Af­fir­ma­tive ac­tion to the youth was mis­un­der­stood- can we do bet­ter?

By: MUSA MU­GOYA

For pur­pose of this text, af­fir­ma­tive ac­tion is de­fined as an ac­tion or pol­icy favour­ing those who tend to suf­fer from dis­crim­i­na­tion, es­pe­cially in re­la­tion to eco­nomic wel­fare like em­ploy­ment or ed­u­ca­tion- this type of pos­i­tive dis­crim­i­na­tion is what de­served the youth in Uganda.

Mak­erere Uni­ver­sity law don, Sil­via Tamale de­fines af­fir­ma­tive ac­tion as, ‘at­tempts to make progress to­ward sub­stan­tive, rather than merely for­mal equal­ity of op­por­tu­nity for those groups, such as women or racial mi­nori­ties, which are cur­rently un­der-rep­re­sented in sig­nif­i­cant po­si­tions in so­ci­ety, by ex­plic­itly tak­ing into ac­count the defin­ing char­ac­ter­is­tic- sex or race—which has been the ba­sis for dis­crim­i­na­tion.’

Ac­cord­ing to the Uganda Na­tional Youth Pol­icy of 2001, Youth is de­fined as all young per­sons; fe­male and male aged 12 to 30 years. Dur­ing the de­bate in the Con­stituent As­sem­bly of 1993-95 that adopted the 1995 Con­sti­tu­tion Ugan­da’s cur­rent Con­sti­tu­tion, amend­ments notwith­stand­ing. In­clu­sion of youth rep­re­sen­ta­tion in par­lia­ment and on all lo­cal coun­cils was premised on the ar­gu­ment that ma­jor groups in our so­ci­ety have long been mar­gin­al­ized and ex­cluded from the main­stream po­lit­i­cal and so­cial life.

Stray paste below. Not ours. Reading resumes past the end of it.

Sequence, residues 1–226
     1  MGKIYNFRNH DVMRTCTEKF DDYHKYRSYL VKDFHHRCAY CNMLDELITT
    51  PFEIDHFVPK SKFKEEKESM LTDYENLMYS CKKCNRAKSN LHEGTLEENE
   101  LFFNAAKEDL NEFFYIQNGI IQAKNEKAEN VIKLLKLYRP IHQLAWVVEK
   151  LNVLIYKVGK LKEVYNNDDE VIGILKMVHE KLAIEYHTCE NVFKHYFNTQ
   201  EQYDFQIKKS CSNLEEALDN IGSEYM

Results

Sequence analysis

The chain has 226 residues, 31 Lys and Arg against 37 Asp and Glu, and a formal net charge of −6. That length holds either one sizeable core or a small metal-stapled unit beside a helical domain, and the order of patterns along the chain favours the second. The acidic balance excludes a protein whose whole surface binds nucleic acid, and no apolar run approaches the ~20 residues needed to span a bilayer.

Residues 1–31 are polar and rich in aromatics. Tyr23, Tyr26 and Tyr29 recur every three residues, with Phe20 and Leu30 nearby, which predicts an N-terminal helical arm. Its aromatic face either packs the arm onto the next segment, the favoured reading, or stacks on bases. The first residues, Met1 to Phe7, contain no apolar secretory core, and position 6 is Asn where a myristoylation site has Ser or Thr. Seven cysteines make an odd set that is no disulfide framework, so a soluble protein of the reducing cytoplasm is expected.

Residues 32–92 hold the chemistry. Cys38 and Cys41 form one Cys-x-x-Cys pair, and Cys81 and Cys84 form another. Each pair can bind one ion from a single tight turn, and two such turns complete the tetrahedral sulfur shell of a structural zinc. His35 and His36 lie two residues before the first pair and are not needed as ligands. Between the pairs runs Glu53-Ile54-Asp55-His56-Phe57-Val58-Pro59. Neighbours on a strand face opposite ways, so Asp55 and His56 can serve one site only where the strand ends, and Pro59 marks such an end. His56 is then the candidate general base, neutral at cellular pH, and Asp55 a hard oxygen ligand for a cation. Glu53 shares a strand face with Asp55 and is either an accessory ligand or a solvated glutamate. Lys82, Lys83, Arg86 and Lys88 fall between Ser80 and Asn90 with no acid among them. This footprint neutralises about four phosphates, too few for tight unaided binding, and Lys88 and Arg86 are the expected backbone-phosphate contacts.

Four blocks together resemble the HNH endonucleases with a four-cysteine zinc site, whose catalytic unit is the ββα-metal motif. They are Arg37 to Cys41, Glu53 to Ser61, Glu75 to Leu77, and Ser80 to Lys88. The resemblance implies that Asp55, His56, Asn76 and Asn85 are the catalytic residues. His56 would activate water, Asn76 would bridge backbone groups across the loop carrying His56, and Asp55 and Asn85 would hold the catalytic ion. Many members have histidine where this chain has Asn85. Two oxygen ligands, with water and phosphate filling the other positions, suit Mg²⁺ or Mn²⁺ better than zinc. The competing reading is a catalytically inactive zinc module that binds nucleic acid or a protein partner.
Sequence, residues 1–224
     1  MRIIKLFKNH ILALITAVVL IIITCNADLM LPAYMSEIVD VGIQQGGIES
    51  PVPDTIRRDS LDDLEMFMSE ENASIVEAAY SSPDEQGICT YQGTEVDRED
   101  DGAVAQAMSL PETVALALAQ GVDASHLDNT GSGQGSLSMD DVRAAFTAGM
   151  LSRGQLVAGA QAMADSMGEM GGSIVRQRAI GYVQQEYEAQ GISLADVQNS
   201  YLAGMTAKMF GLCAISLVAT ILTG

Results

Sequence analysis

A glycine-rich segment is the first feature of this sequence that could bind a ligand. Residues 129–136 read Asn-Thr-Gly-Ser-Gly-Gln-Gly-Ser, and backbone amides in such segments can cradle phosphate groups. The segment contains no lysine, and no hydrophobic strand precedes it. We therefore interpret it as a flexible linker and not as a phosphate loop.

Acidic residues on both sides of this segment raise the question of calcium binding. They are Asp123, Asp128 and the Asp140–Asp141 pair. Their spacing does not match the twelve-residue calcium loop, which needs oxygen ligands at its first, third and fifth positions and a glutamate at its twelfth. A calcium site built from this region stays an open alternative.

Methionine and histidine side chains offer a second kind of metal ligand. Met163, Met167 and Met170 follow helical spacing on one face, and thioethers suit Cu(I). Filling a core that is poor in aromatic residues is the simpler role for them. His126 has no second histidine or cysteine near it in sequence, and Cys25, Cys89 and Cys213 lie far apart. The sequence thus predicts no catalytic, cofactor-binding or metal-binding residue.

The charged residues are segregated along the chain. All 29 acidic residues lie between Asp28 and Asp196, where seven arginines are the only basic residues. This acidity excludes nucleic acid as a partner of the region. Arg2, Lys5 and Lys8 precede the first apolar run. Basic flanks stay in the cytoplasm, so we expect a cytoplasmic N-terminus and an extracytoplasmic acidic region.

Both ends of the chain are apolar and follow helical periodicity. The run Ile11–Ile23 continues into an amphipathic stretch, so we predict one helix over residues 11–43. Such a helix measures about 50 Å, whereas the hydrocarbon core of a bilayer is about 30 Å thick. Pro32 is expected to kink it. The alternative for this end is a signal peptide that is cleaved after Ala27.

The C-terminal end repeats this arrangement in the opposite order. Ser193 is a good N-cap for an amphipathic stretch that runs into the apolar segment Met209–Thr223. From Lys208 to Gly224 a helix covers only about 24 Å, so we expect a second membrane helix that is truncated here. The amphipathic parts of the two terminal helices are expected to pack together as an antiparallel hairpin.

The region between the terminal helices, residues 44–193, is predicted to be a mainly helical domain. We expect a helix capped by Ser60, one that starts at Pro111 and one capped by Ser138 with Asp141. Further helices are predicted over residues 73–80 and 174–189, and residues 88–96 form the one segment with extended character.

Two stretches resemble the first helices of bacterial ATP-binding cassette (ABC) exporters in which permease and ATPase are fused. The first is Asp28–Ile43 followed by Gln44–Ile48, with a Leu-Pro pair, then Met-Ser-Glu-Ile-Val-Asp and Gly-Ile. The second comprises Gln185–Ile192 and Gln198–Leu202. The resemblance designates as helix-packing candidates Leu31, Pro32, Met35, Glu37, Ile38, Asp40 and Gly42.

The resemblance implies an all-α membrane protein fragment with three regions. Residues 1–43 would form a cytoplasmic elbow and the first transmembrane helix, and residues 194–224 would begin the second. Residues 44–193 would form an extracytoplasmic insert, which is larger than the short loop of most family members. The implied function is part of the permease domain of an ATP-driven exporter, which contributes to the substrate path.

For the youths specif­i­cally, it was ar­gued that they com­prise of 60% of the pop­u­la­tion and also play vi­tal roles in our com­mu­ni­ties, but are rarely given a plat­form to ex­press their needs and prob­lems. The pro­posal was even­tu­ally adopted and the Youths have since been rep­re­sented in par­lia­ment with 5 Mem­bers since the 6th par­lia­ment and on all lo­cal coun­cils.